This is a great exercise for two. Take turns picking a topic your partner is likely to know little or nothing about. Give them the topic and have them talk for a minimum of two minutes while making direct eye contact with you.

Have a Conversation

When you are speaking, treat each person in the audience as if you were speaking to them alone. How long should you hold one person’s gaze?

Sheri Jeavons of Power Presentations, Inc. says it should be for the length of a complete sentence, beginning to end.

Although you are talking to a group, it’s really a collective conversation. You can gain valuable feedback when you address the audience members one at a time. Most will nod slightly or look back at you in a way that indicates they know you see them and they understand you. But if someone is not looking at you or appears bored or confused, move on to the next person.

If you see several people like this, you can make some changes in real time to recapture those whose attention has slipped. Add some vocal variety as you talk by raising or lowering your voice or pitch and using descriptive words that will resonate with the audience.

Over the next few days, make a point to try out some of these exercises.

If you are in a group like Toastmasters, use your next meeting to work on making eye contact with your audience and see how it improves your speaking skills. Then send me an email to let me know how it went!

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Get Emotional

What do you think of when you hear the word emotional?

  • Crying?
  • Laughing?
  • Yelling?
  • Arguing?

The idea of being emotional can connote being out of control. While that is sometimes true, it also refers to engagement and excitement. And that is something you want your listeners to feel.

As a speaker, you want your audience to be emotional, but there are many ways to show emotion without being out of control. Likewise, there are many ways to evoke it.

Creating passion in an audience means your presentation will have more impact and stay with the listeners long after they are gone. It increases the likelihood that they will buy into what you are telling them or make the choice to use your services over someone else’s.

Passion

What is important to you about your idea? Why should your audience care about it? What makes is better than other, similar products on the market?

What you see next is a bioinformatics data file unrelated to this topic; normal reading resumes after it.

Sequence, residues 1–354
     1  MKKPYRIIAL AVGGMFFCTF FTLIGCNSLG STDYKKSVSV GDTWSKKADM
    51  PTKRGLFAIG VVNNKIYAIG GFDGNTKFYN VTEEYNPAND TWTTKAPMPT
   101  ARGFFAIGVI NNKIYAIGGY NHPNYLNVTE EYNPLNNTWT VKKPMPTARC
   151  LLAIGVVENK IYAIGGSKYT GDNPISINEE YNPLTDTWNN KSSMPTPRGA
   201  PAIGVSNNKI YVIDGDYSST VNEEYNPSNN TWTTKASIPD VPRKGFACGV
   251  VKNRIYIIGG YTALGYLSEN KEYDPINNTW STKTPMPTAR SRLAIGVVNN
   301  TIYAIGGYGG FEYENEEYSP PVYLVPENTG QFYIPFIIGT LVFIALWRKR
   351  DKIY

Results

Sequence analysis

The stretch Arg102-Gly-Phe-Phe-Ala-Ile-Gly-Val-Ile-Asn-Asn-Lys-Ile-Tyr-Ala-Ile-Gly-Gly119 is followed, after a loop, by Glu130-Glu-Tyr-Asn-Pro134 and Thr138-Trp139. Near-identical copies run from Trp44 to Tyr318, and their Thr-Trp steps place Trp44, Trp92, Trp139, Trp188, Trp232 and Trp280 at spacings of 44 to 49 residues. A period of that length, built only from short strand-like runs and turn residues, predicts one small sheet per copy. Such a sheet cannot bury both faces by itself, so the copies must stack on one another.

Don’t leave your audience wondering about any of the questions. Answer them in your speech.

Show that you care about your topic by being so well prepared that your words come naturally rather than from a piece of paper on the podium. This allows your audience to learn what excites you. Enthusiasm is contagious!

Facial Expressions

Make eye contact with people in your audience, one person at a time, and smile when it feels natural. Most people react to a smile with a smile of their own which is a powerful brain trigger for endorphins.

Try scanning the crowd and stopping with your gaze on one person each time you change topics or make a transition.

Body Language

Your body language can stoke excitement in an audience. Don’t pace back and forth, but do move around, engaging different sections of the listeners, focusing more of your attention on one area of the group when you are closer to them before moving to another.

Use gestures to convey emotions and excitement about your project. Step forward when you want to emphasize an important point.

Visuals

Keep your visuals simple. Slides should be clean and bright, easily understood. Use no more than a half dozen words per slide. Look for compelling images that will have an emotional impact. There shouldn’t be so many words on your slide that you feel compelled to read from it.

Word Choice

Active verbs and descriptive adverbs will evoke more attention. Look for ways to use them in your speech.

Tell your audience that you’re excited to be here, not just happy. And then tell them why and what excites you.

Emotional Need

Consider why your audience is there. What do they hope to gain — especially emotionally — from you? Insight? Knowledge? What do you want them to leave knowing or believing? That your product is the one they should choose? Why? What makes it different?

In closing, let me tell you why emotional buy-in from your audience is so important: it means you can influence people when it comes to making decisions.

A friend of mine recently went looking for some flooring to install in her new home. She visited a big-box store and two independent dealers. The second independent dealer won her business. Members of his family worked for him. He had his products in his own home and his dog spent the day at his company. All of these spoke to him as a person and helped him make an emotional connection with my friend. Although he wasn’t making a speech, per se, he was giving a presentation. Without even knowing it, his own enthusiasm for his business and his product helped make the sale.

Before your next presentation, try thinking about how you can evoke emotion in your audience. Let me know what you did and how it worked for you!